Elite Tips from Tulum’s Hospitality and Design Gurus to Elevate Your Meditation Room
It’s been a turbulent year(s), and my morning rituals kept me sane throughout self-quarantine, times of heartbreak, and times when I felt anxious about the future. Between the global pandemic, polarizing politics, and the personal adjustments that many of us had to make, we can all use a place where we can have a spiritual practice of our own.
The good news is, crafting your oasis is incredibly fun!
You may already have a meditation space - but these tips are more than just aesthetics, these tips will elevate your connection to your spiritual nature.
Now that I’m living in Tulum, Mexico, the mecca of “wellness architecture,” there’s plenty of design inspiration and tips from experts I am eager to share with you.
Here are three invaluable tips to construct your very own sanctuary.
1. Channel Your Ancestry Roots
A luxury eco-resort is one way to call Azulik. It is also considered a masterful work of art and a magical experience that reconnects people with the natural world. The innovative mind behind this masterpiece is Roth Azulik. He explains that one of the core aspects that guide their design is ancestral connection.
“all communities share a common ancestry, and we should respect and learn from this shared history.”
Learning about our ancestors creates a sense of belonging. To incorporate a piece of your culture or family tradition into your meditation space can enrich your practice and bring a deeper connection with yourself.
TIP: Be curious, and do a little research into your family tree. Look at family heirlooms and cultural artifacts that resonate with you. It can range from a piece of jewelry to ceramic bowls, from furniture to rugs.
Take a deeper dive into the creative process of Azulik’s team:
2. Fabric and Textures
Do you know that feeling, of sleeping in fresh white sheets, or snuggling up on the couch with your favorite blanket? How you instantly felt at home and relaxed.
Wellness design encompasses a collaborative list - fabric material and neutral color palettes are integral components.
Looking to Daniella Hunter for inspiration, she brings an elevated level of awareness to her hotel, Sanara Tulum, and the Real Coconut restaurant. All materials used in her designs are biodegradable at the end of their life span and made in small batches.
Hemp, lyocell, organic cotton, and silk are used, and even coloring of the fabric is conducted with care and attention to its impact on the environment.
TIP: When looking for fabrics, take that extra step to check the origin and the production process to indicate its sustainable credentials. As for colors, have fun with neutrals. Go with grey, cream, and brown all at once. As well, bring in a lot of texture. Offset rough with soft and coarse with smooth.
For more details on the fabrics mentioned, take a look at Daniella's website: bydaniellahunter.com/pages/our-fabrics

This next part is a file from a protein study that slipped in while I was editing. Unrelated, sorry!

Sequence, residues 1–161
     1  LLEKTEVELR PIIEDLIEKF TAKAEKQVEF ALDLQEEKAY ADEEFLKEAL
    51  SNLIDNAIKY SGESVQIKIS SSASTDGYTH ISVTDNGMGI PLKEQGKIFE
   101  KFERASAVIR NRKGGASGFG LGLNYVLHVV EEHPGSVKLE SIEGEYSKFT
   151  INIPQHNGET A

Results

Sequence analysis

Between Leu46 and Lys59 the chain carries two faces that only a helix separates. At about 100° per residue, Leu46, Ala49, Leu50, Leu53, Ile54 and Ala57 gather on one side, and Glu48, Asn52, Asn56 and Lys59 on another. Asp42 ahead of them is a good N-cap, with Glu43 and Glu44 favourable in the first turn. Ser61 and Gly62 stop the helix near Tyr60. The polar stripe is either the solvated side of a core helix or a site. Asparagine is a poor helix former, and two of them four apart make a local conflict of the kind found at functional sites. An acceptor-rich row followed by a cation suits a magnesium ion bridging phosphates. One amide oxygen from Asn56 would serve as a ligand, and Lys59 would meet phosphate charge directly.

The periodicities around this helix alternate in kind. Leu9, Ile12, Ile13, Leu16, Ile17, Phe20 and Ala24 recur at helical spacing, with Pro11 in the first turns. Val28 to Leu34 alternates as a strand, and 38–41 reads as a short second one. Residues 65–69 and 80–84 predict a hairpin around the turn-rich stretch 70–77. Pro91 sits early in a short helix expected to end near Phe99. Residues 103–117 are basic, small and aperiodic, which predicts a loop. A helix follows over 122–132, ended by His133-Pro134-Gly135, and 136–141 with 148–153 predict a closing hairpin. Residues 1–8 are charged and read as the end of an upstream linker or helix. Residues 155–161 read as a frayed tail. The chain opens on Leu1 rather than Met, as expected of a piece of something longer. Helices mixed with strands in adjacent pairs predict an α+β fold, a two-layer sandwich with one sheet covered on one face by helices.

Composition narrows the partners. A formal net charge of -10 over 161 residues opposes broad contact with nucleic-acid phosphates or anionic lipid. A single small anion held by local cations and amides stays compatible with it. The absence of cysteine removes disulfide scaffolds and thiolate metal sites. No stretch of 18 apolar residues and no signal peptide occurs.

3. Outdoor Indoor Integration
When we visualize an oasis, we most likely think of being outdoors, breathing in the fresh air, and soaking in the sunlight.
There are many health benefits to fresh air. One advantage is the increased amounts of oxygen you breathe will help produce more serotonin (the happy hormone) in the body.
When it comes to lighting - having natural light in the room helps us attune our body and mind to our circadian rhythm.
Circadian rhythm is our internal 24-hour clock, a part of our brain that regulates the alertness, sleepiness, and behavior changes our body goes through by responding to the light in our environment.
CO-LAB is a design studio whose portfolio is an impressive list of highly sought-after architectural projects in Tulum. One of their recent design is a pavilion that takes the form of a five-sided catenary structure, with sweeping walls made from bamboo and arched vaults. This structure captures the interaction between light and shadow, further enhances the tranquil quality of the space. It also allows for plenty of airflows, guiding the jungle breeze in and through the area.
TIP: Choose a space in the house close to a window. Allow as much natural light in as possible during the day. If that space is not available, make sure there is adequate ventilation in the room, place a standing fan in the room to keep the air moving. Keep the lighting warm or light candles for evening meditations.
Check out Co Lab’s website for more inspiration:
Wellness-focused design involves lighting, materials, air, neutral color palettes, and outdoor-indoor space integration—just to name a few.
According to the Global Wellness Summit, “Wellness Architecture” is one of the top wellness trends of 2021. I would also add that this trend is inevitably irreversible. Considering feeling happier, healthier, and more alive will never go out of style.